Grand Prix Sailor's Monday Digest

Skandia Takes Rolex Sydney Hobart Line Honors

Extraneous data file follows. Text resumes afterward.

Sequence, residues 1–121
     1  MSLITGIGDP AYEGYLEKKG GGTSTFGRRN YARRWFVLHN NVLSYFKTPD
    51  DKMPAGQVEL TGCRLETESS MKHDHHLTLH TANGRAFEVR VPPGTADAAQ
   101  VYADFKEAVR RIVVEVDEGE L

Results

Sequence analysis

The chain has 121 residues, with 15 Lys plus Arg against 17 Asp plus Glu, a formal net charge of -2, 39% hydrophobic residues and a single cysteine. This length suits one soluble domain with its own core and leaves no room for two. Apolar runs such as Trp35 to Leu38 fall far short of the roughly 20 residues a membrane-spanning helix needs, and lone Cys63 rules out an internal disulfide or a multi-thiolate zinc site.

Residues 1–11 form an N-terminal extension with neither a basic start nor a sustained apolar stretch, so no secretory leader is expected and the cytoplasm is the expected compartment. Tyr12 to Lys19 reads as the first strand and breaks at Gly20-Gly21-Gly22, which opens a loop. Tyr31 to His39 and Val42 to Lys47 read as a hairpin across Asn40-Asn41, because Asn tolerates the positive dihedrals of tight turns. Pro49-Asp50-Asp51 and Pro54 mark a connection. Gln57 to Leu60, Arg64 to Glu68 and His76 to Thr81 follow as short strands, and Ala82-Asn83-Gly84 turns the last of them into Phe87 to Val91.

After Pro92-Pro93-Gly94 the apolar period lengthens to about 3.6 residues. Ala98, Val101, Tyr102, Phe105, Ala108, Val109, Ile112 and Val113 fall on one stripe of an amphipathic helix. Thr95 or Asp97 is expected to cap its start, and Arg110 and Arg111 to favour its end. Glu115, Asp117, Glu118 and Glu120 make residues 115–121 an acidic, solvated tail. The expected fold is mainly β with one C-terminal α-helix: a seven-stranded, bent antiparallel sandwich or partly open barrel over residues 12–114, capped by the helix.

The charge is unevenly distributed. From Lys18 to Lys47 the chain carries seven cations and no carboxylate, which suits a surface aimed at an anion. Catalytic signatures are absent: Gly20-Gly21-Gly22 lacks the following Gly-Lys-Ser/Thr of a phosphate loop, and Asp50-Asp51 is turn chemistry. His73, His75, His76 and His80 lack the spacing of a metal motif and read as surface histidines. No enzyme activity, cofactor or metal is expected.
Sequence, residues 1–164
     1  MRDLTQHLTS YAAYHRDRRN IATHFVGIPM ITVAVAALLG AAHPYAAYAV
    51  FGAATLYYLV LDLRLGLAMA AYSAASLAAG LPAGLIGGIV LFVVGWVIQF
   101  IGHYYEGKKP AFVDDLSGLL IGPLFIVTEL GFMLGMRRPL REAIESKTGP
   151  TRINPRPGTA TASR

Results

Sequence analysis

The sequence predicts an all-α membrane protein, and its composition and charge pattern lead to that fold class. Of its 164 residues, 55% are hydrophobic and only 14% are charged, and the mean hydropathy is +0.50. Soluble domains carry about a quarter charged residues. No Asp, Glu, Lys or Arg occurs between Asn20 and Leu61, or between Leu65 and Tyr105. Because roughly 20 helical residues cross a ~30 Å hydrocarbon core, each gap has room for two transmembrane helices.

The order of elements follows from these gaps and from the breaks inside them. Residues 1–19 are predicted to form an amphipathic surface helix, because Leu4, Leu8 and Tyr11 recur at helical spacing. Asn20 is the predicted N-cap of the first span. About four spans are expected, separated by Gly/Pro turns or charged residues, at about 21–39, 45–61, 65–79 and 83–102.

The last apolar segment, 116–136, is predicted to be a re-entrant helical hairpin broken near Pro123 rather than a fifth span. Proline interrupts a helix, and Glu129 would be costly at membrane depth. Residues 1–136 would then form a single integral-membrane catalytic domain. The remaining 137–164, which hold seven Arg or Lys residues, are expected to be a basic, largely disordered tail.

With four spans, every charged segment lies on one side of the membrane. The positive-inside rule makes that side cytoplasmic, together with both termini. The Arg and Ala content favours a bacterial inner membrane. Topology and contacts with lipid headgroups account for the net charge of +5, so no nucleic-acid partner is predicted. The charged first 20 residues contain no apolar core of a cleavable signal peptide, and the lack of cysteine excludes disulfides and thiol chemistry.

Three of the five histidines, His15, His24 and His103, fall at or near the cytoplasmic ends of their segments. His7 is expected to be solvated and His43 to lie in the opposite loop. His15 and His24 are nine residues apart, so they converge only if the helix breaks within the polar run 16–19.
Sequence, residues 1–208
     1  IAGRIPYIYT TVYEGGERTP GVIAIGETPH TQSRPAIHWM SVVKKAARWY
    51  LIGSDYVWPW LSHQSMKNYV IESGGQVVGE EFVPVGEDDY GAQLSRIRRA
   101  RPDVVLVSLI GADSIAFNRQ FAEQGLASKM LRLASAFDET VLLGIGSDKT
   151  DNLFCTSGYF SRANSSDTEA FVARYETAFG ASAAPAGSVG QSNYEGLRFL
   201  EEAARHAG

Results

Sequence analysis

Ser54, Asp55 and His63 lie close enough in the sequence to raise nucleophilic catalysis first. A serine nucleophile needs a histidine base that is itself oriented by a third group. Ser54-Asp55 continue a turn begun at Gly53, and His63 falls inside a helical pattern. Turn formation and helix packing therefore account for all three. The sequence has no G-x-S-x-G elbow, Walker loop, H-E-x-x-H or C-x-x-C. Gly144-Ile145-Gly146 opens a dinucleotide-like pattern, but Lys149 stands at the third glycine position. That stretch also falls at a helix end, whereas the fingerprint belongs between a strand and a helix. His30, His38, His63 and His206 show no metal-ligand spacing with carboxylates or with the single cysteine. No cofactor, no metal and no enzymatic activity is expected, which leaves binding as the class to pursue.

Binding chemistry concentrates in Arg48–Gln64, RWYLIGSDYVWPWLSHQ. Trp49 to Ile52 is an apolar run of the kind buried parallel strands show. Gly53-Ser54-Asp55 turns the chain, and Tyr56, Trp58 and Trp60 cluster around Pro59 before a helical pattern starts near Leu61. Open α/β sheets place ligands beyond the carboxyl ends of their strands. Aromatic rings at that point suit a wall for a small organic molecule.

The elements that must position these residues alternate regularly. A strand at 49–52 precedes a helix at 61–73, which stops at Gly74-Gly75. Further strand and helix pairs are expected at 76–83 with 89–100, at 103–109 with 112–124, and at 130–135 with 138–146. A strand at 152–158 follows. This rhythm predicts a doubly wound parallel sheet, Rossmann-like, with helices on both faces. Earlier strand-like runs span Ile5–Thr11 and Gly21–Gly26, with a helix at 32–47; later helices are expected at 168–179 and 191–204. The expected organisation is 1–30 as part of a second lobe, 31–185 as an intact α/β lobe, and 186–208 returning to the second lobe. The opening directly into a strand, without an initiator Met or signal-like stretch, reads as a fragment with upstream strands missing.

ROLEX SYDNEY HOBAR After a teeth-clenching duel with the freshly minted Kiwi supermaxi Zana, Grant Wharington's Skandia (Wild Thing) crossed the finish line of the 2003 Rolex Sydney Hobart race 14 minutes ahead of its new arch rival. Skandia, the first canting keel boat to score line honors in the history of the race, sailed an elapsed time of 2d:15h:14m:6s, well shy of the race record of 1d:19h:48m:2s, set in 1999 by the Volvo 60 Nokia. "We could see them (Zana) the whole way, except for 30 minutes this morning," said Wharington in an interview posted on the event website www.rolexsydneyhobart.com. "Off Cape Raoul [30 miles from the finish line] we were just four boat lengths in front, but luckily for us the wind stayed in." Another canting keel supermaxi that should have been in the running, Ludde Ingvall's Nicorette, was heavily damaged before reaching Bass Strait, wiping out its forward canard on an unidentified underwater object. Initially the crew attempted to soldier on but after a few punishing upwind hours in 30 knots of breeze, cracks were discovered in the mechanism that cants Nicorette's keel, as well as some damaged carbon in the hull, so they retired and headed for Eden, a port on the southeast coast of Australia. Nicorette had changed its configuration for the race, installing a swinging keel, a retractable canard rudder forward of the keel, and trim tabs on the aft rudder. Nicorette was in fourth place in the line honors race when the plug was pulled. Sean Langman's savagely modified Open 60 Grundig, a 66-footer that's constantly being re-configured to set records, also suffered bad luck, a recurring theme for Langman and his crew when it comes to Sydney Hobart races. While the two supermaxis fooled with each other down the east coast of Australia, Langman and his 8-man crew (reduced to save weight) sailed their own race, appearing at several points to be ahead of the match racing 98-footers. But light air 40 miles shy of the finish line spelled the end of Grundig's challenge and it crossed the line in third. Skip Sheldon and the crew of the American entry Zaraffa finished 2d:23h:56m:36s, well out of the running for line honors, and currently 7th overall in IMS, 6th in IRC. The Sydney Hobart is just one of many races Sheldon has sailed in the past few years with his Reichel/Pugh-designed 66-footer. Since 2000 Zaraffa has won its class or been first across the line in races including the Block Island Race, the Vineyard Race, the Bermuda Race, and the DaimlerChrysler North Atlantic Challenge. This year she won the Big Boat Class at the Rolex Middle Sea Race, placing second in the IMS Overall and third IRC Overall. One of the more interesting interviews on the www.rolexsydneyhobart website is with Sheldon. An excerpt: "This is the 51st year I've been offshore in my own boat," says Sheldon, "and I have also crewed for a lot of people. You have to do your apprenticeship." 2003 ROLEX AWARDS NOMINEES US SAILING has announced the final list of nominees-five women and six men-who will be considered for the 2003 Rolex Yachtsman and Yachtswoman of the Year awards. Snipe world champion Augie Diaz (Miami); Pan Am Games gold medalist Tim Healy (Newport, R.I.); ISAF match racing world champion Andy Horton (Shelburne, Vt.); J/80 world and Lightning world champion Jay Lutz (Houston); Laser Master and Snipe North American champion Andrew Pimental (Newport, R.I.); Around Alone Class 2 champion Brad Van Liew (Mt. Pleasant, S.C.); and Etchells 22 world champion Ken Read (Newport, R.I.), who has previously won this award in 1985 and 1994. Nominees for the 2003 Rolex Yachtswoman of the Year are Rolex International Women�s Keelboat champion Sally Barkow (Nashotah, Wis.); U.S. Women�s Match Racing champion Liz Baylis (San Francisco), who won the award in 2002; US SAILING�s Women�s champion Joni Palmer (Annapolis, Md.); ISAF Youth Worlds gold medallist Paige Railey (Clearwater, Fla.); and Yngling world champion Hannah Swett (Jamestown, R.I./New York). MACARTHUR'S TRIMARAN LAUNCHED Ellen MacArthur's new 75-foot B&Q trimaran was wheeled out of the assembly shed at the Sydney Port Authority and P&O base at Glebe on Dec. 18 and lowered into the water. Once afloat the 100-foot mast was then fitted to the main hull. "The entire operation took 12 hours and it was quite an emotional day to see her finally in the water where she belongs," said MacArthur. There will be little respite for the shore team, who have their work cut out for them between now and the official launch day on January 8, 2004. "We will all have Christmas Day off-Aussie-style," said Ellen. "A BBQ and visit to the beach, which will be very different to what all our families back home are doing! But we can only afford one day off as we are pulling out the stops to get the boat ready for the launch. It is the nature of this sport that the winter period is often the busiest time, so the team is pretty used to having little downtime at this time of year. Last year we had finished the solo Route du Rhum before jumping straight into the training program for the Jules Verne record attempt. But, hopefully, it will all be worth the effort and everyone is pretty excited about the launch and the prospect of sailing her soon." VAN DEN HEEDE Around the world sailor Jean Luc Van den Heede, who is presently in his 52nd day at sea on a round-the world west-east attempt, was probably the last person on Earth to celebrate Christmas this year. "I'll have to look at the question, but, in theory, apart from a few isolated inhabitants on some Pacific islands, I should be one of the last people to celebrate Christmas," said VDH in his latest report. "I'm going to give myself the pleasure of a little foie gras, followed by duck a l'orange, some camembert out of a box and a chocolate hazelnut dessert, all swallowed down with some fine claret or a Burgundy from between 95 and 98, that I haven't yet chosen from my cellar. I'm going to wrap the bottle up in my duvet, because it's getting a bit cold down here. As for the presents, there are obviously some books and music, and if I've guessed right from the shape of the packets and the labels, some food." Van Den Heede is currently 13 days ahead of the west-east record holder-Philippe Monet, who sailed the course in 151d:19h:54m-and has just under 14,000 miles to sail. Follow VDH's progress at Grand Prix Sailor is compiled by the editors of Sailing World magazine. If you'd like to subscribe, see Contributing Editors: Tony Bessinger (tony.bessinger@sailingworld.com), Dave Reed (dave.reed@sailingworld.com), Stuart Streuli (stuart.streuli@sailingworld.com), John Burnham (john.burnham@sailingworld.com